Portland, Ore., November 28, 2011 — Northwest wind energy producers can now balance the variable output of their resource by scheduling their electricity into California every thirty minutes instead of only once an hour.
A new intra-hour scheduling pilot created by a partnership between the Bonneville Power Administration and the California Independent System Operator Corporation will reduce operational issues and expand opportunities for wind power developers.
The new pilot project doubles the pace of the interstate energy transfers to better match the ups and downs of wind energy, which helps reduce costs for both balancing authorities.
Participants can adjust schedules if a wind facility is generating less energy than scheduled, making up the difference with a California resource. Without the pilot's ability to adjust schedules closer to real-time, the expected delivery from wind resources is subject to reductions and that means the ISO has fewer grid dispatch options.
Traditional power plants provided such steady output that utilities have long bought and sold electricity on an hourly basis. But wind is changing that because the energy it produces can vary within mere minutes.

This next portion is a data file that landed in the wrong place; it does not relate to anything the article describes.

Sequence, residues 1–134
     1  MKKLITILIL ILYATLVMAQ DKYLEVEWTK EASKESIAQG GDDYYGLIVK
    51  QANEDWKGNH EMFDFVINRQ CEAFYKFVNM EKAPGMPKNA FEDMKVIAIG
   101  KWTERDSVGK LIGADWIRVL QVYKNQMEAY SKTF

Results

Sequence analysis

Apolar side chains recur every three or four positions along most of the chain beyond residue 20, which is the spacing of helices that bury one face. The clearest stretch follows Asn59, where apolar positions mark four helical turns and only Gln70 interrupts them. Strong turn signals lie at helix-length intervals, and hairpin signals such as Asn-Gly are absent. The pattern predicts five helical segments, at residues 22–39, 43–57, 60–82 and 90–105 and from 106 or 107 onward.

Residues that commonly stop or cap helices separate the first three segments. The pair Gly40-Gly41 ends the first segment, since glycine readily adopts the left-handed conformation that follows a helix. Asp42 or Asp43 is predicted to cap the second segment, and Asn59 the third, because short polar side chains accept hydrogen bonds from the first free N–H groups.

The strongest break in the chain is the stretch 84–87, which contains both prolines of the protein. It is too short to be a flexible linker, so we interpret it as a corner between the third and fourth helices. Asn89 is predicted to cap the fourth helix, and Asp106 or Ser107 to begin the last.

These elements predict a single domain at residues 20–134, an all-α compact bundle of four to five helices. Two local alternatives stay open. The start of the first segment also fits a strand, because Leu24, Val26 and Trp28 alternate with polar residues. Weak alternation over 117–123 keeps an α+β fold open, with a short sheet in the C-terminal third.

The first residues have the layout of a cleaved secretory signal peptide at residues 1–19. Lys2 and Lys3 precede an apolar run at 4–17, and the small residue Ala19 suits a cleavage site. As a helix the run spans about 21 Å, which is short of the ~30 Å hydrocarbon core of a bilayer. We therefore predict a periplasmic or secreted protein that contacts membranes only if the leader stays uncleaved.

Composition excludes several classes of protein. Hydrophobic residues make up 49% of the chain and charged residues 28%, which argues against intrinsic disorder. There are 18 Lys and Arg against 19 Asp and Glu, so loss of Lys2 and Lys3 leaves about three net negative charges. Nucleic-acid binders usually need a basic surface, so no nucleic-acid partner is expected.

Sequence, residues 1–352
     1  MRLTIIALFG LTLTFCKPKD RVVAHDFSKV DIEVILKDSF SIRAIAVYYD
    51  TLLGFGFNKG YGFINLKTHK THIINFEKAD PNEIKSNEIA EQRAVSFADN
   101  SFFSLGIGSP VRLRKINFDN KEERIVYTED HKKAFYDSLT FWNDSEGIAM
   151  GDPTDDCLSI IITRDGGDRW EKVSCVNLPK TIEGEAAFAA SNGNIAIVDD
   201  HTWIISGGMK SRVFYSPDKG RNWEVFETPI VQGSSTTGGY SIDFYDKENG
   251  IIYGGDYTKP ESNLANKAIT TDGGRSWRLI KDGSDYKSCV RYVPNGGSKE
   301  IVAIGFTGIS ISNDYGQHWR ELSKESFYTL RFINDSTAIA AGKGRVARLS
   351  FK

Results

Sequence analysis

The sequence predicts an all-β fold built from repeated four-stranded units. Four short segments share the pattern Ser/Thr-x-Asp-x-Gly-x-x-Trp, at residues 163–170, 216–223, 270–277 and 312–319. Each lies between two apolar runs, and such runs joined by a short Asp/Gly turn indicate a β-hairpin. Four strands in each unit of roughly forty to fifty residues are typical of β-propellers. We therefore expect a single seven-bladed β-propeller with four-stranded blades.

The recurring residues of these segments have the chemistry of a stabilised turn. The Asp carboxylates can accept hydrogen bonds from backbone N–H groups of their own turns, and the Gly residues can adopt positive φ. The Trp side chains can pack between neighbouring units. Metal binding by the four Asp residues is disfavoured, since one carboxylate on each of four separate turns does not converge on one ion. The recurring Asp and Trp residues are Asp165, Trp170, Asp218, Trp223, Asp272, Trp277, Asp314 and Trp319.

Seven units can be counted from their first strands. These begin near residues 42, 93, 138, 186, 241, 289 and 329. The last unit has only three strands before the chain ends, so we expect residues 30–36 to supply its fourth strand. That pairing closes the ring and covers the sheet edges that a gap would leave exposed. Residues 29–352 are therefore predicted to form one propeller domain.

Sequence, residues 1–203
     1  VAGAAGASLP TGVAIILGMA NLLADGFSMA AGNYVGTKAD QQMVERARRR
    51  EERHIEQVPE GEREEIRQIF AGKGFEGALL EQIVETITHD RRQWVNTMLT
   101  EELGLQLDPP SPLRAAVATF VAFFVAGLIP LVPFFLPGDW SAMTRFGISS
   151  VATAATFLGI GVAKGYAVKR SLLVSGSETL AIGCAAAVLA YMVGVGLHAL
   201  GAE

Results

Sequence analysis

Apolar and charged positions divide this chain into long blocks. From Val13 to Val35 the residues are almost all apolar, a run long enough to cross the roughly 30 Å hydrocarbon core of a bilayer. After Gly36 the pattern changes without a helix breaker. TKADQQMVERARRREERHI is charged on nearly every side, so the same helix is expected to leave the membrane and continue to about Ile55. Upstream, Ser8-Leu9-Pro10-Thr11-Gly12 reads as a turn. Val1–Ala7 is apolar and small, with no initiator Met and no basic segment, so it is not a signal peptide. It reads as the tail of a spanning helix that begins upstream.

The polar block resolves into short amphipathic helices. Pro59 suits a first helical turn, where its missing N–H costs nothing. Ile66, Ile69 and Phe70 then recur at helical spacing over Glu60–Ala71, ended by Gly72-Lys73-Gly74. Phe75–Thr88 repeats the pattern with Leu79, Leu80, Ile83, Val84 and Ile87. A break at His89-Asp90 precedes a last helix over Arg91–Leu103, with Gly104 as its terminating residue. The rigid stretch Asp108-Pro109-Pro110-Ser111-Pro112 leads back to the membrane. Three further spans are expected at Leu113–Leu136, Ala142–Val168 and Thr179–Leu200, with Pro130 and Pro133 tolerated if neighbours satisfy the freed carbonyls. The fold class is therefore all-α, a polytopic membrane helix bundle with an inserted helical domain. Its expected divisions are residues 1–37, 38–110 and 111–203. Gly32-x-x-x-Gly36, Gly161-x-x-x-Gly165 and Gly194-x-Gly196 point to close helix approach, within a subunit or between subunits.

The variability of generation must be compensated for because the input and use of electricity must match perfectly in real time to assure reliable service. Opening markets to respond to that variability in smaller time increments is one way to better integrate renewable wind power.
The first utility to participate in the initiative is Southern California Edison.
New outlets for wind energy may also ease the need for federal hydroelectric dams to balance unexpected changes in wind generation. In some instances, intra-hour transactions have helped wind producers sell additional energy instead of cutting generating off when the balancing capacity of the hydroelectric system was exhausted.
BPA is a non profit federal agency that markets renewable hydropower from federal Columbia River dams, operates three-quarters of high-voltage transmission lines in the Northwest and funds one of the largest wildlife protection and restoration programs in the world. BPA and its partners have also saved enough electricity through energy efficiency projects to power four large American cities.
The California ISO operates the state's wholesale transmission grid, providing open and non-discriminatory access supported by a competitive energy market and comprehensive planning efforts. Partnering with about a hundred client organizations, the nonprofit public benefit corporation is dedicated to the continual development and reliable operation of a modern grid that operates for the benefit of consumers. The ISO bulk power market allocates space on transmission lines, maintains operating reserves and matches supply with demand.